Mobile app developers looking for more direct graphics control will have it: Google on Monday announced Android support for Vulkan, a direct rendering 3D graphics API.
Vulkan actually comes by way of the Khronos Group, a non-profit consortium of companies creating open standard APIs for computer graphics rendering such as OpenGL and WebGL. Once Google integrates the new Vulkan APIs, developers can choose to use them or stick with the tried and true OpenGL ES.
So why would app-makers choose Vulkan over older or legacy graphics technologies? Vulkan will provide more app control to a device's GPU for better overall performance and efficiency, says Google:
"Vulkan is being designed from the ground up to minimize CPU overhead in the driver, and allow your application to control GPU operation more directly. Vulkan also enables better parallelization by allowing multiple threads to perform work such as command buffer construction at once."
The new APIs are designed with mobile graphics processors in mind instead of desktop-class GPUs.
Indeed, there's been at least as much, if not more, maturity on the mobile GPU side in the past few years due to the growing number of mobile apps, games and video uptake on tablets and phones.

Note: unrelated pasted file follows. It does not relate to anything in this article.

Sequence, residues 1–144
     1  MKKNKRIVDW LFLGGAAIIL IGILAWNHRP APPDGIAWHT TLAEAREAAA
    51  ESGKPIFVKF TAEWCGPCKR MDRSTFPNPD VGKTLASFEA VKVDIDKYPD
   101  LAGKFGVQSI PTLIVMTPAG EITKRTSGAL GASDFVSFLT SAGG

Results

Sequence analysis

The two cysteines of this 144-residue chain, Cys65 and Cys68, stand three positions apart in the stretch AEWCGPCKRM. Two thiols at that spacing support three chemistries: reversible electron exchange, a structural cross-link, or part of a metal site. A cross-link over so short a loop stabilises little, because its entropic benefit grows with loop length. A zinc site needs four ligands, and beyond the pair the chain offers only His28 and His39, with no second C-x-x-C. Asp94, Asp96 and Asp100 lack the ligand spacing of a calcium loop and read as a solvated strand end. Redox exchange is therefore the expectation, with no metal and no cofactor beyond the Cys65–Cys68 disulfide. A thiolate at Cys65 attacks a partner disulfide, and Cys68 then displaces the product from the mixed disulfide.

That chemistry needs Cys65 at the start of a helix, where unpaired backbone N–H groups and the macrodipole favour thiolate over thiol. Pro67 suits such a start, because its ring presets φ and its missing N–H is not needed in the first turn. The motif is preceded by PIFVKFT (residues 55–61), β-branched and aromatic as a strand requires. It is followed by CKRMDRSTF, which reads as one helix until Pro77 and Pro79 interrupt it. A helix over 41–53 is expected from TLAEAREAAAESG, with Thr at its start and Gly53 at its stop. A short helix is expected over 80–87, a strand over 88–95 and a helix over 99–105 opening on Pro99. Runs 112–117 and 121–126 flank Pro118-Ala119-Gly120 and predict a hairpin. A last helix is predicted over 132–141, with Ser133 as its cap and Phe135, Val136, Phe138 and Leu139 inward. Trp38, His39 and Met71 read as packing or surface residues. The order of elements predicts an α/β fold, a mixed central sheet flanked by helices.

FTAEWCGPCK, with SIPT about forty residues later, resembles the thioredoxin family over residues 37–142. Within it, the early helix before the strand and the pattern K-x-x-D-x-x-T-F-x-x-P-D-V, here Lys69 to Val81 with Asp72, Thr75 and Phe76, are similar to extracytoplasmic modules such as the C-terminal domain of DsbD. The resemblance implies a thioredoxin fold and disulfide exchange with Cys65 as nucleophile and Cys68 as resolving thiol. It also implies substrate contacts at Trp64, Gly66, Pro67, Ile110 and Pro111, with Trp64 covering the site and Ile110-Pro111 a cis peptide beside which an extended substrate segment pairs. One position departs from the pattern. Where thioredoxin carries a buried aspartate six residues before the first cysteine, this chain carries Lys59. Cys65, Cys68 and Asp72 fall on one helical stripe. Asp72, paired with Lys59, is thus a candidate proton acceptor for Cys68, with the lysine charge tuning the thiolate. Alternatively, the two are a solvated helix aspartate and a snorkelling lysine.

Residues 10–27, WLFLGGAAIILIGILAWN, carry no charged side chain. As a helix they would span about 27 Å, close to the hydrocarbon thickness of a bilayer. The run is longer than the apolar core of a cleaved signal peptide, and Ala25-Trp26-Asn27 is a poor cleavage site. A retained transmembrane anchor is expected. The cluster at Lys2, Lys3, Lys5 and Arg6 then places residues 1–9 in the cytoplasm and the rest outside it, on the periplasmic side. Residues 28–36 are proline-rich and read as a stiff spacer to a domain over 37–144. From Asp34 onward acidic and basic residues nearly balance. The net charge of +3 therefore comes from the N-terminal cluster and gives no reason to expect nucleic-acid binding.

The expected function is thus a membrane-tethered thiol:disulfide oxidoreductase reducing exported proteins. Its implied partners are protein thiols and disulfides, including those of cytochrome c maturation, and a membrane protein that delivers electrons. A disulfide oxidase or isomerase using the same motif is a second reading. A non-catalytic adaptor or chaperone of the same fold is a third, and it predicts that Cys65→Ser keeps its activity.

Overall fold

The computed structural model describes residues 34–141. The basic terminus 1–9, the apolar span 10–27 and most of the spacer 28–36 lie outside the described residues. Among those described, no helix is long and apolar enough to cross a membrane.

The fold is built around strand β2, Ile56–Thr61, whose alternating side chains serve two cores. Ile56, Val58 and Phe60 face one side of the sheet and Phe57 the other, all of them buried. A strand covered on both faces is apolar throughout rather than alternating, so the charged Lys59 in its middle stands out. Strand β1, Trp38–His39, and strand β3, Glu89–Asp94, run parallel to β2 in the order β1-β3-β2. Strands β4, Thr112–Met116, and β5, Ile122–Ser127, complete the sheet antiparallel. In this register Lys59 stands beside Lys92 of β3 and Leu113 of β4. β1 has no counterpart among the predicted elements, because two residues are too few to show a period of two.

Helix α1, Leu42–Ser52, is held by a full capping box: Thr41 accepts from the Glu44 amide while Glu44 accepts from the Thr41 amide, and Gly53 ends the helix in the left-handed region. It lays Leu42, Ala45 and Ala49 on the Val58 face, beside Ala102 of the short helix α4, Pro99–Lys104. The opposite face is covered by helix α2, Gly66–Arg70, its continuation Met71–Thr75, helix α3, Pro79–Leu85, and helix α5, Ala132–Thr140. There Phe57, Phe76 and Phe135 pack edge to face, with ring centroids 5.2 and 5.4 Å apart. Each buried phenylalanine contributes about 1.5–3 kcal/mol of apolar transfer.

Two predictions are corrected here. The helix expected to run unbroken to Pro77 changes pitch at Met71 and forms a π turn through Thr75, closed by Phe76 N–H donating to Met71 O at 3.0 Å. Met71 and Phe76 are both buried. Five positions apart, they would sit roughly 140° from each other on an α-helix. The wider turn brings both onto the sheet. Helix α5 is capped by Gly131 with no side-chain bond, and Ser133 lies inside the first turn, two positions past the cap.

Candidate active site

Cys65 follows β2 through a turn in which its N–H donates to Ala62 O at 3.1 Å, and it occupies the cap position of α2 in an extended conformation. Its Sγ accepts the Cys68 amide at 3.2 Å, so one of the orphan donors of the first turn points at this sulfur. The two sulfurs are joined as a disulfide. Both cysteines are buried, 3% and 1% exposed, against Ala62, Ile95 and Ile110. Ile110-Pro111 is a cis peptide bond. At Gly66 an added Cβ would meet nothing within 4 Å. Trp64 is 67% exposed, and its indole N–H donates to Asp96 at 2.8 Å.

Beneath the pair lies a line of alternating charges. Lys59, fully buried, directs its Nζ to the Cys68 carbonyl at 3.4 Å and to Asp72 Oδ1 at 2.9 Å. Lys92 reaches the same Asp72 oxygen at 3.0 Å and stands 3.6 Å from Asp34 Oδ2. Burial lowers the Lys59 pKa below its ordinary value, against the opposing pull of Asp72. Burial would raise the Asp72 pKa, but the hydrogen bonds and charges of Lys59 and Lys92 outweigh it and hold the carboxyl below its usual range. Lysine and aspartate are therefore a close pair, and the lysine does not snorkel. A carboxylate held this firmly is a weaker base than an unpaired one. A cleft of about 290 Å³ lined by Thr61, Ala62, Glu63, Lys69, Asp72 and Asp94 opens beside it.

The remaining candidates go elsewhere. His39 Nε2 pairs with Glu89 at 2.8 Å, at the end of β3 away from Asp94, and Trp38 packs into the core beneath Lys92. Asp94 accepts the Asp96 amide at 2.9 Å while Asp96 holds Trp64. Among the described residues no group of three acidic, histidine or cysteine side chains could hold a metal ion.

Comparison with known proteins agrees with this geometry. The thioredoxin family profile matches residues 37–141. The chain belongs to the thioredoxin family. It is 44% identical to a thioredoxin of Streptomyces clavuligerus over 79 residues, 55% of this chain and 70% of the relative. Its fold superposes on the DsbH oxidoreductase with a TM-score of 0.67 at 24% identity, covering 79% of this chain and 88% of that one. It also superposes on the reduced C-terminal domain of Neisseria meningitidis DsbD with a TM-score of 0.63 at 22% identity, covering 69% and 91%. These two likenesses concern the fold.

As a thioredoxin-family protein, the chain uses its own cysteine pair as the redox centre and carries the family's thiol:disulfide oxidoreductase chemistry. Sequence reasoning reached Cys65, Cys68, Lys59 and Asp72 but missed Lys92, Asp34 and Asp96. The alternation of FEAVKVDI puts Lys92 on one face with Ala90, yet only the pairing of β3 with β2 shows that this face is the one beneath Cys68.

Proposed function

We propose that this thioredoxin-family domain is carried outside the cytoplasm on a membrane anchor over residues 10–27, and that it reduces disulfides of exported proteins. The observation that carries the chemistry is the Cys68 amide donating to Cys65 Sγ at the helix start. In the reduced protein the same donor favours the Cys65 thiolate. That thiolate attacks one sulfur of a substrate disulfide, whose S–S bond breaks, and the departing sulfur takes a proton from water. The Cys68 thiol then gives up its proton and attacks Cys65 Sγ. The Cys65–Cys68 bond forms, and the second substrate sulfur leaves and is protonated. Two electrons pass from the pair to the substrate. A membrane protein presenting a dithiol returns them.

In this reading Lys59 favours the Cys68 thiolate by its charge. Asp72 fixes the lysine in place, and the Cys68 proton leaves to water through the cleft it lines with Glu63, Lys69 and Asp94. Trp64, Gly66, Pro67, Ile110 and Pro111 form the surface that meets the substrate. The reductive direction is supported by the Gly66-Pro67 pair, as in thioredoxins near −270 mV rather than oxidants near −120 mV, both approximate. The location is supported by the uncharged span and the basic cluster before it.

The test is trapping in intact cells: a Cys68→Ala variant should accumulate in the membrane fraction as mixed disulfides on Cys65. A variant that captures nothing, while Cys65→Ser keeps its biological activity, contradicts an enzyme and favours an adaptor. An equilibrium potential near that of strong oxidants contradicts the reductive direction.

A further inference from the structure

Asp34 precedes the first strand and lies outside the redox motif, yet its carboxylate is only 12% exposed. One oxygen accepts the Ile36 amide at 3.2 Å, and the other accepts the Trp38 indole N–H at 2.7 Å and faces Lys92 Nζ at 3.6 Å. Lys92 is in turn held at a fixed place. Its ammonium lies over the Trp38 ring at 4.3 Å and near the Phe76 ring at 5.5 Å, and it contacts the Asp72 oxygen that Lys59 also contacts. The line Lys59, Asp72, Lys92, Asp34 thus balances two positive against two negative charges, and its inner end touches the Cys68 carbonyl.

Even so, older devices won't gain much as they'll still be relegated to legacy graphics solutions. Instead, ArsTechnica notes, Vulkan will be supported on most high-end phones and tablets from 2014 and up, powered by Nvidia's Tegra K1, Qualcomm's 400-series GPUs, ARM's 600, 700, and 800 line of Mali GPUs, and the PowerVR Series 6 from Imagination Technologies.
The last supported chipset is what you'll find in Apple's iPhone 5s and up but of course, those all run iOS. And they don't need another low-overhead rending API because Apple debuted one similar to Vulkan last year with Metal.
Google hasn't yet said when Vulkan support would officially arrive, and at this point, it's unlikely it would appear in conjunction with the Android M launch later this year. At its Google I/O developer conference in May, Google made no mention of Vulkan. It's possible the company held that announcement back, but I'm leery.
Instead, I suspect Android M will launch without Vulkan support or solely in a developer preview on certain Nexus devices, with additional phones and tablets to follow in a software update.